October 28, 2016
On October 27, the Federal Communications Commission (FCC) approved new regulations that will prevent broadband companies such as AT&T and Comcast from collecting and sharing information gathered about individuals online. This decision, which is considered a landmark win for consumers and privacy groups, was strongly opposed by telecommunication companies and advertising industry groups.
By a 3-2 vote, the FCC now requires broadband providers to obtain permission from consumers to gather and give out data on their web browsing activities, app use, location, and financial information. Previously, providers could gather such data unless an individual opted out of online collection. This is the first time the FCC has passed such online protections. Although broadband providers are subject to these regulations, sites such as Google and Facebook are not, as the FCC does not have jurisdiction over web companies.
Privacy groups praise these new rules for protecting citizens’ online privacy. Jeffrey Chester, executive director of the Center for Digital Democracy, was quoted in the New York Times as saying: “for the first time, the public will be guaranteed that when they use broadband to connect to the internet, whether on a mobile device or personal computer, they will have the ability to decide whether and how much of their information can be gathered.”
FCC Commissioner Ajit Pai, however, is not as enthusiastic about the recent ruling. After voting against the regulation, he was quoted in the Chicago Tribune as saying: “If the FCC truly believes that these new rules are necessary to protect consumer privacy, then the government now must move forward to ensure uniform regulations of all companies in the internet ecosystem at the new baseline the FCC has set.” Fellow FCC Commissioner Michael O’Reilly, at a press conference after he voted against the regulation, stated: "I think there's going to be extensive legal challenges coming.”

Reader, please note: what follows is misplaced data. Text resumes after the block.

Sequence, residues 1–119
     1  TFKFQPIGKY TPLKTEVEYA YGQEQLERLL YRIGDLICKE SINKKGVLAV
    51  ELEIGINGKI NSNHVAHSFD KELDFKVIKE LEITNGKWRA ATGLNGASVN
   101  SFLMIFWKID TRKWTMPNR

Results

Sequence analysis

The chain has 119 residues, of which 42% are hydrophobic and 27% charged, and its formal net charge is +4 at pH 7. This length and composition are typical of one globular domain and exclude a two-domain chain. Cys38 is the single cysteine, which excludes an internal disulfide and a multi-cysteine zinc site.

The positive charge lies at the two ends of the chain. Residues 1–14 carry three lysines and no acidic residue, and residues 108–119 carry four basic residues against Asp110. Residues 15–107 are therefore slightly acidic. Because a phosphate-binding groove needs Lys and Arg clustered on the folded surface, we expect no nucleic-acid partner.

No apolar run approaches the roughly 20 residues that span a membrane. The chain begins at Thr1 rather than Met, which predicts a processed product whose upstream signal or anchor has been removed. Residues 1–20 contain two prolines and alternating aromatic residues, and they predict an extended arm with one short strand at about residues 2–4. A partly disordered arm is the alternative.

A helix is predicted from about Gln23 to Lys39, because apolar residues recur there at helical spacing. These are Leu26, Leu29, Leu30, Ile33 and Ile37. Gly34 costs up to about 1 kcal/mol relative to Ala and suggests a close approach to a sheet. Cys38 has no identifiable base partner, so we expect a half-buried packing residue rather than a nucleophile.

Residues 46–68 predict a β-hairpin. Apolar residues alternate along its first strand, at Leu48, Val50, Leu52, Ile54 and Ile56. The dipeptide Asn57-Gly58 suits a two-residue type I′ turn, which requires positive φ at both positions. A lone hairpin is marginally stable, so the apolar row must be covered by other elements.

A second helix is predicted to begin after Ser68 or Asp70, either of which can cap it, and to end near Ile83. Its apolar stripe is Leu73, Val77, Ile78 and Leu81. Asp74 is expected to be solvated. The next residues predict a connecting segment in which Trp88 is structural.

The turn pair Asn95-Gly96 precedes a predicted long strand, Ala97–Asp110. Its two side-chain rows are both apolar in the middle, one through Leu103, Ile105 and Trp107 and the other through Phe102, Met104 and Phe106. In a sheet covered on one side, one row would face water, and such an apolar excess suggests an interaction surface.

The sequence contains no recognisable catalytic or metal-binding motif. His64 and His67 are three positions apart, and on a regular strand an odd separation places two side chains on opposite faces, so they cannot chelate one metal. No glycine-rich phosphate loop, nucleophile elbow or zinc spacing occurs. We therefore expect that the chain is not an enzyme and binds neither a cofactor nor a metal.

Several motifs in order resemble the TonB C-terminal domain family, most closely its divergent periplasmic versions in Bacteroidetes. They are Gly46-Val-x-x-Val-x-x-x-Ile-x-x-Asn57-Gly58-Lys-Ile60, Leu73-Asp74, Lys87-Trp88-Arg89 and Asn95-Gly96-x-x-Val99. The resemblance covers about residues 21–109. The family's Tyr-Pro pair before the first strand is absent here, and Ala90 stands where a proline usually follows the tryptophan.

Although these new regulations are limited to broadband companies, this ruling might be a sign of what’s to come for the marketing and digital advertising industry. This ruling could mark a regulatory shift toward favoring consumers’ online privacy rights, which could adversely affect a host of online industries, not just broadband providers.
This article is intended to provide general information and, therefore, should not be treated as legal advice. If you have questions about a specific legal issue, you should seek the advice of a qualified attorney.
Author: Ryan Lorch
Editor: Rudy E. Verner